In addition to a general class score, users can provide their evaluations for different sections of the terms, categorizing them as Good, Bad, Blocker, or Neutral. A critical aspect to consider is whether the app is generating revenue by gathering and selling user data. It is not uncommon for apps to be monetized using advertisements. A majority of ad-supported apps are either free or available at a minimal cost, which helps generate income to support ongoing development, such as releasing new features or addressing security flaws. However, the presence of in-app advertisements often implies that the app is profiting from your data.


While it is acceptable for apps to collect certain essential information, such as tracking app crashes to rectify bugs or observing incorrect clicks to enhance a poorly designed user interface, the collection of extensive data that is either sold to third-party advertisers or at risk of being compromised in a data breach should be a cause for concern. It is recommended to review the policy agreement’s details about data collection before proceeding with the download. Furthermore, consider the app’s revenue model, especially if it is available for free. If there’s no evident monetization strategy, your data might be at risk of being sold.


The Importance of App Reviews and Download Counts


Before deciding to download an app, it’s essential to scrutinize the reviews. If an app consistently receives low ratings, it might be indicative of technical issues or a questionable reputation. In any case, poor user ratings should serve as a red flag, making you reconsider before installing the software. Similarly, if a widely popular app like Spotify, Netflix, or Instagram has only been downloaded a limited number of times, it’s worth verifying the listing’s authenticity.


Understanding App Permission Requests


The permissions an app requests can also be revealing. For example, a calculator app has no legitimate need to access your microphone or location data. In contrast, it’s logical for social media apps like Instagram or TikTok to request access to your camera and microphone, given that these features are integral to the app’s functionality. Likewise, a dating app requiring your location data makes sense for facilitating geographical matches. However, if an app requests unnecessary permissions and doesn’t provide an option to opt-out, it could be a sign of malicious activity. This could include accessing sensitive data such as call logs or your Wi-Fi connections. It’s important to note that most apps allow you to continue using the app even after denying permissions, and you have the option to temporarily enable these permissions when necessary.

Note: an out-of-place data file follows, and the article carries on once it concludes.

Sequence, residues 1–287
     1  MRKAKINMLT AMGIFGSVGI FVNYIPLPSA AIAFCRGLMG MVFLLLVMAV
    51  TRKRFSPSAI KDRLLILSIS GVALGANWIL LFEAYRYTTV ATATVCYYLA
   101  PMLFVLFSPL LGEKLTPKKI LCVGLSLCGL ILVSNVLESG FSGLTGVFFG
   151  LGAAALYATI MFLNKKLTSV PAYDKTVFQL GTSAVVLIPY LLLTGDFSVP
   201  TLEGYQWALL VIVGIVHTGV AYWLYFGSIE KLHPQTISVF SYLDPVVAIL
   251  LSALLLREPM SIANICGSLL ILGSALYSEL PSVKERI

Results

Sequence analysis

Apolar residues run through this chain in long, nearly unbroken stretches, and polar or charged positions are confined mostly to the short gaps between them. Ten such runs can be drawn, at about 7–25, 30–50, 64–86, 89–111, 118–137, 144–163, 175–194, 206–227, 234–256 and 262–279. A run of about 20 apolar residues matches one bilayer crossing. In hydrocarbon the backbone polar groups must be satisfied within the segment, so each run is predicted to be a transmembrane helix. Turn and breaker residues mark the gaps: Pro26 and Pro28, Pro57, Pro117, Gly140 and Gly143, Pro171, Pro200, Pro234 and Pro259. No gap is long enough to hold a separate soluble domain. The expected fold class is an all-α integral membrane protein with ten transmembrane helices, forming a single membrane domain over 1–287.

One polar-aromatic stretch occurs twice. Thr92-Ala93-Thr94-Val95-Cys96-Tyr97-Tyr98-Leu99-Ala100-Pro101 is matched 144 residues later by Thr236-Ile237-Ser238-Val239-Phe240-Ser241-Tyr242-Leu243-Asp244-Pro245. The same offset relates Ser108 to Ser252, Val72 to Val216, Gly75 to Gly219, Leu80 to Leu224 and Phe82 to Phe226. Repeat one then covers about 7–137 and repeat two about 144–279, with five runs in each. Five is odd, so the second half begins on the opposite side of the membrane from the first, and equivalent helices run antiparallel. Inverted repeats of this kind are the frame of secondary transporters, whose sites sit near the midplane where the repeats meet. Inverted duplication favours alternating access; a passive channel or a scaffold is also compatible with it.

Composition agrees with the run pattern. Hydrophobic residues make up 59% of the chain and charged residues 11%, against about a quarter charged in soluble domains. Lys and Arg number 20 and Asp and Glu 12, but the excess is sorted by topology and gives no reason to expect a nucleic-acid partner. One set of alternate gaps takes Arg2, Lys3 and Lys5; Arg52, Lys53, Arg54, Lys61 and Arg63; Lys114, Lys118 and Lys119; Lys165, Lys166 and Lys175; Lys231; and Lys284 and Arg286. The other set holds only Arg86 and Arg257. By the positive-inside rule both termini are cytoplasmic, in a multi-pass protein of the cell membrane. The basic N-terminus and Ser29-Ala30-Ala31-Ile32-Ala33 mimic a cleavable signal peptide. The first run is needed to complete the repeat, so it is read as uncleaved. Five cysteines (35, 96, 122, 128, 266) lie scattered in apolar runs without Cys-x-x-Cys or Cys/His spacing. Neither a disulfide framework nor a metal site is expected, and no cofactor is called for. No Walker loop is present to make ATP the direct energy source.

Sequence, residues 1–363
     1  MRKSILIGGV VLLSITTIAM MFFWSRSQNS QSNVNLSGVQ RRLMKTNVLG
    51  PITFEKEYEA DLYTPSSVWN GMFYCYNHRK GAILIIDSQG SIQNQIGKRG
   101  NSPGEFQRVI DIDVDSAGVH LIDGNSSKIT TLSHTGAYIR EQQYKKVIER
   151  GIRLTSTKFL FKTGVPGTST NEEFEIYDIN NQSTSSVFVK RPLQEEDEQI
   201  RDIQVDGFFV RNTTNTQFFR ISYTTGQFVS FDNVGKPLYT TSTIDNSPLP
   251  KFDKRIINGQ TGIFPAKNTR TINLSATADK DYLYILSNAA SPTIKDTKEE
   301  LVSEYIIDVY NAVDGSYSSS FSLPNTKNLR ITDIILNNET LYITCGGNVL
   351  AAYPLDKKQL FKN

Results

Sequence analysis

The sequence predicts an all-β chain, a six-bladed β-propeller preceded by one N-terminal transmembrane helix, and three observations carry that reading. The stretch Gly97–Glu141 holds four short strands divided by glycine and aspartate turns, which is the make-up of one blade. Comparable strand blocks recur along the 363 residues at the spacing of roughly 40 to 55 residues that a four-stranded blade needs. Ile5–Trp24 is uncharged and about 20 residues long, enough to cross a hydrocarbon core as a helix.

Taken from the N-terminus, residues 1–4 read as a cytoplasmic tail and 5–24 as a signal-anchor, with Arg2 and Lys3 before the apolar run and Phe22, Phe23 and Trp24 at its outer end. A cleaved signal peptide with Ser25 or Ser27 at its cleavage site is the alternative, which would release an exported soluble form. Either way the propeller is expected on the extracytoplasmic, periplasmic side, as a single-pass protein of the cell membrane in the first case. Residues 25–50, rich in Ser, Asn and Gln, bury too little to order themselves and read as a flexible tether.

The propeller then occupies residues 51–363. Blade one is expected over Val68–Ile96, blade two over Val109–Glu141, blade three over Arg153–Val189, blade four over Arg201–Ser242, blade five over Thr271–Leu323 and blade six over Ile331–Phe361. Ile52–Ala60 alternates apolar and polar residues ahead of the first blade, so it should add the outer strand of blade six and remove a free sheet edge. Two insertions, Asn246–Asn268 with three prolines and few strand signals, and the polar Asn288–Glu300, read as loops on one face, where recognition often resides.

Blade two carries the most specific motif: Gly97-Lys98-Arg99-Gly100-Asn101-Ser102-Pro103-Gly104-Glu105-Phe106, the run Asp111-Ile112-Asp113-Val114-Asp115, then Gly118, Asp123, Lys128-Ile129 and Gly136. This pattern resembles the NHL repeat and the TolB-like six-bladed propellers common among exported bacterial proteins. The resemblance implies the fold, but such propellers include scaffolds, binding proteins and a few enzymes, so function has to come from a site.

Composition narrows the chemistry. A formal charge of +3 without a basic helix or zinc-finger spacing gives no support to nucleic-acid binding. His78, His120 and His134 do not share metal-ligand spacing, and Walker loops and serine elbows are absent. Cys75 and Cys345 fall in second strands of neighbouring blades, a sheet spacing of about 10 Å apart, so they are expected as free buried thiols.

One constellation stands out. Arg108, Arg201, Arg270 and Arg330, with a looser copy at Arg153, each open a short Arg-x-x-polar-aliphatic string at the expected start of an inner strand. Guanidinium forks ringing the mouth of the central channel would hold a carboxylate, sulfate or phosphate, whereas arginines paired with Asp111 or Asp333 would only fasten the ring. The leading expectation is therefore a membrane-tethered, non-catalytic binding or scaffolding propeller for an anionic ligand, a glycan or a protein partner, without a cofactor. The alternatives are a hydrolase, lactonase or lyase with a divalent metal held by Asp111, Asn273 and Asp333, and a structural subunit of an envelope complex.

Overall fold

Identifying Other Potential Warning Signs


While thoroughly reading a policy agreement is crucial, there are other potential red flags to be aware of. If you notice your device behaving unusually after installing an app, such as rapid battery drainage, frequent freezing, crashing, or overheating, it’s possible that the app has infected your device with malware. While it’s more likely that poor performance following an app installation or update is due to benign issues, such as unoptimized software or a resource-demanding app running in the background, there’s a possibility that a malfunctioning phone could be the result of spyware included with a malicious app. Therefore, it’s essential to keep your device safeguarded with top-tier antivirus software.